Why The Math On Asteroid Mining Doesn’t Work – ValueWalk Premium

Why The Math On Asteroid Mining Doesn’t Work

The minor planet “16 Psyche” which I will call Psyche for the remainder of this piece, will be visited by NASA in 2026. I’m sure we’ll learn a lot of interesting things about it. Some muse that it might be the core of a small planet. Who knows? It could be that the whole asteroid belt was once a planet, and after some astounding collision, the remnants of it spread out over time, forming the asteroid belt.

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Anyway, there’s a bad meme going around regarding Psyche, and I would like to correct it.

The asteroid’s metal is worth an estimated $10,000 quadrillion, more than the entire economy of Earth.

This isn’t your typical space rock: There’s a metal asteroid out there worth $10,000 quadrillion

Let’s pretend for a moment that we could launch a space mission to retrieve Psyche from the asteroid belt and bring it to Earth. Maybe we would leave it in orbit, giving us a second real moon, and change the tides on earth. (Oy vey.) Or maybe we would crash land it into the Nevada desert. (Are you kidding? That could destroy much of the Western US, if not the Earth. Think of the G.I. Joe: Retaliation movie., where the City of London was destroyed by much less.) Siberia would be a better option, but would we want to give it to Russia?

So let’s stick with the idea of bringing it into orbit around the Earth. Now, mining in space and transporting to Earth large chunks of very heavy metals or metal ores would be exceedingly difficult and expensive. The costs would be so great that no one would do it. It would be a money loser. But let’s pretend again, and say that we created a space elevator, or some other technology that could cheaply transport the metals and ores to Earth.

The cost of bringing it to Earth is low, but before they even the metals and ores to Earth, prices on the futures and forward markets for the metals drop to almost zero. Why? There is now this huge supply of iron, nickel, and whatever, well in excess of what we can use. At that level, the miners in Earth orbit would probably give up, leading the forward and futures markets to rebound.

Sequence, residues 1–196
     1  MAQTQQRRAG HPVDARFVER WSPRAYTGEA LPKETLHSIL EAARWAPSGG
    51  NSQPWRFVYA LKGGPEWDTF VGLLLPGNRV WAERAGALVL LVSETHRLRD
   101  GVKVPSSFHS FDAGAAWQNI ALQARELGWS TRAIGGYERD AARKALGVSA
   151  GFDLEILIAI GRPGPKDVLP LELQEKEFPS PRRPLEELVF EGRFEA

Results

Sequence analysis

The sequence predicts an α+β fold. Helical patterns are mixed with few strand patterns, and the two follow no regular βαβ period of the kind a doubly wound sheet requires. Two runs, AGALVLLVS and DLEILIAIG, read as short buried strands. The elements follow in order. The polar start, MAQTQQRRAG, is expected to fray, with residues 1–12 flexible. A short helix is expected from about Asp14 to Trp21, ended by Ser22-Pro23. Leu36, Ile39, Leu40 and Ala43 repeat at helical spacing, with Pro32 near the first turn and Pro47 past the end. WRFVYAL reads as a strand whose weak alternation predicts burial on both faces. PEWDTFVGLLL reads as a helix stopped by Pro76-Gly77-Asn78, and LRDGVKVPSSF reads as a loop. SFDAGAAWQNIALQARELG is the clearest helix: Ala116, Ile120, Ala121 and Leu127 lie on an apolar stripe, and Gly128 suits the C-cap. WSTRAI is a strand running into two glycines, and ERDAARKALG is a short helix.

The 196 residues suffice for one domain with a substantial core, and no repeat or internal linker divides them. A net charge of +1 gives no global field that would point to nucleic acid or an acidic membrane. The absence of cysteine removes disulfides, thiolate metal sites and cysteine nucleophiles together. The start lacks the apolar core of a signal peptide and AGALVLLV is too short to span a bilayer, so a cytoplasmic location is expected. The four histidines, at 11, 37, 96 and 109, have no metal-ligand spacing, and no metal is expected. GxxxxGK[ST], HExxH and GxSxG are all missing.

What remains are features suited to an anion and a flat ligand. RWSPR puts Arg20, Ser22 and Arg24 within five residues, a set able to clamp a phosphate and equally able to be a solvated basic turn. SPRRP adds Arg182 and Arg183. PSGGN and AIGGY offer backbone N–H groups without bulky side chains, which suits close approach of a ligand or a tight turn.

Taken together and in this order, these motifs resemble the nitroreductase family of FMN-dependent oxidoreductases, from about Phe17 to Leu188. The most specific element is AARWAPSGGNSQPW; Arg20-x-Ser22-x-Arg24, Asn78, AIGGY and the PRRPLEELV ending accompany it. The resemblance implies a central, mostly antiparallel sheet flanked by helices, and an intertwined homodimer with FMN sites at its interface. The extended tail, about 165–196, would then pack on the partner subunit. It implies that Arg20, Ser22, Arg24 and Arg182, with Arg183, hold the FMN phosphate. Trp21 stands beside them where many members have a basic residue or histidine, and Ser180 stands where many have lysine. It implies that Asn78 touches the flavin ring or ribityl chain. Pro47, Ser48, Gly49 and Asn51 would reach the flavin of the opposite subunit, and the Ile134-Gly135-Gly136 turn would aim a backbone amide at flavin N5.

So what is all of the metal on Psyche worth? Nothing. (I haven’t even added in the cost of what it would cost to get it here.)

In the modern era, economics has always said the prices are relative measures, not absolute measures. You can’t take the current prices on Earth now, and apply them to an asteroid far away. It’s kind of like the distinction in the science fiction classic Norstrilia between SAD money and FOE money. SAD money is what circulates on the planet Norstrilia, but Norstrilia is the richest planet, and so they tax anyone taking money off the planet at an obscene rate. FOE money is “Free on Earth” which means that you had to have a ton of SAD money to get an ounce of FOE money. The protagonist, Rod McBan, manages to get so much SAD money that after paying the tax, he has enough FOE money to buy the Earth. As a result, he becomes a target to be killed.

My that was quite a useless digression on a really good book.

My main point is this: just as we have different costs for extracting crude oil from the ground in different areas on the Earth, so it is for an asteroid versus materials on Earth now. The costs of mining Psyche would be so enormous that it would not happen.

Also, even if the cost of getting Psyche to Earth safely were zero, if nickel and iron were as easily obtainable as getting potable water, the price of them would be very low. The market would quickly be saturated.

We have prices and markets because of human activity. Something that is well outside our ability to use would naturally carry a price of zero. As a result, I can confidently say to the media trumpeting the $10,000 Quadrillion figure is: No, the answer is zero.

That said, I look forward to the NASA mission arriving there in 2026. We will learn a lot about Psyche.

Article by David Merkel, Aleph Blog

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